Regulation of ADV-1 Protein Rhythms by the Transcription Factor CSP-1 in Neurospora crassa
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The circadian clock regulates the rhythmic expression of roughly half of the eukaryotic genome at the level of mRNA abundance. However, little is known about how rhythmic phase is regulated (Delaunay & Laudet, 2002). Chromatin-immunoprecipitation (ChIP)-seq revealed a network of transcription factors (TFs) downstream of the core oscillator component, the White Collar Complex (WCC) (Smith, et al., 2010). We hypothesize this TF network is important in phase regulation of downstream clock-controlled genes (ccgs). To test this hypothesis, we investigated the role of a smaller TF network upstream of ADV-1, a direct TF target of the WCC, and assayed the effect of single TF deletions on ADV-1 rhythms. We found deletion of CSP-1, a TF within this network, resulted in an ~3 hr phase delay of ADV-1 protein rhythms, without affecting FRQ protein rhythmic accumulation. ChIP-seq also revealed two CSP-1 consensus binding motifs near the start of adv-1 transcription. If CSP-1 regulation of ADV-1 is through the aforementioned TF network, there will be little to no change from wildtype rhythms when the CSP-1 binding sites are deleted. However, if CSP-1 directly regulates ADV-1, then deletion of the binding sites will produce a phase delay similar to the single deletion of CSP-1. The binding site furthest upstream from the adv-1 start codon has been deleted and shown to not be solely responsible for ADV-1 phase regulation. However, the effect of the CSP-1 binding site nearest the adv-1 start remains to be deleted, and thus, the full nature of CSP-1 regulation of ADV-1 phase remains unknown.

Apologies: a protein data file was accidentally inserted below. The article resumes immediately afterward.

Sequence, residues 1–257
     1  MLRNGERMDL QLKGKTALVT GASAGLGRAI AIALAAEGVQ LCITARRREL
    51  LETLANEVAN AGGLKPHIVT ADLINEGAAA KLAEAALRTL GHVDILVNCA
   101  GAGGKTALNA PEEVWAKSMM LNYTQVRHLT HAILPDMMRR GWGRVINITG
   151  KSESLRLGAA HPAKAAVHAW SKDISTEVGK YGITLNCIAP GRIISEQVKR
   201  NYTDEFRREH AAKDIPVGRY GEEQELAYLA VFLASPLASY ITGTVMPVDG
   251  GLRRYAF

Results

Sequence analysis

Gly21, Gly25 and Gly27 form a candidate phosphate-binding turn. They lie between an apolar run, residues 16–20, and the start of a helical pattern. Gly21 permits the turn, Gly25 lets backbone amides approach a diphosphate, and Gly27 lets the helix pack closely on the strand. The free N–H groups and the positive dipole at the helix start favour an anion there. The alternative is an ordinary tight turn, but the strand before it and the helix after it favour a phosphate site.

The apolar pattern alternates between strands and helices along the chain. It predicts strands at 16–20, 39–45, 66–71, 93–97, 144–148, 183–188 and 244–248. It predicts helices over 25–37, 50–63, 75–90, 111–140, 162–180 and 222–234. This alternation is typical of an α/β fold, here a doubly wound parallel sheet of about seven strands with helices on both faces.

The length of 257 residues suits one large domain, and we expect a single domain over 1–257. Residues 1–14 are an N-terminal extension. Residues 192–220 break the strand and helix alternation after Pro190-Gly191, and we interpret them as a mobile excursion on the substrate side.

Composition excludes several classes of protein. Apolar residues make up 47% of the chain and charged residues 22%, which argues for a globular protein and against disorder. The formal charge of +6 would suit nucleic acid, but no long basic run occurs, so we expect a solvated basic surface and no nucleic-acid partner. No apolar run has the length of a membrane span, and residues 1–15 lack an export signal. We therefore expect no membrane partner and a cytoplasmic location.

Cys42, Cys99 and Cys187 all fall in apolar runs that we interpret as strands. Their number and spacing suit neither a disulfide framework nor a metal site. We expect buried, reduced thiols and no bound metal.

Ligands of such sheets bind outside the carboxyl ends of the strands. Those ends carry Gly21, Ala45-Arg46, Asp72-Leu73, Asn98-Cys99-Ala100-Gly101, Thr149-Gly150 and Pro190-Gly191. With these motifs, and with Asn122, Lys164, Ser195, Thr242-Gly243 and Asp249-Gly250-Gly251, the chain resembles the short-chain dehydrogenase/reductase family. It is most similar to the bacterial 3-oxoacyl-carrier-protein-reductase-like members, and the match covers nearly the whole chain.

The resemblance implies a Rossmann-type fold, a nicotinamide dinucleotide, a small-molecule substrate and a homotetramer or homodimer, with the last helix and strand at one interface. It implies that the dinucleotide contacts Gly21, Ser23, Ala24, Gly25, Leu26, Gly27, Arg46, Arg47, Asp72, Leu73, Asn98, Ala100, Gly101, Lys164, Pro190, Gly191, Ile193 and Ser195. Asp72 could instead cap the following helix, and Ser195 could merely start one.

Topo, Elias Jordan (2019). Regulation of ADV-1 Protein Rhythms by the Transcription Factor CSP-1 in Neurospora crassa. Undergraduate Research Scholars Program. Available electronically from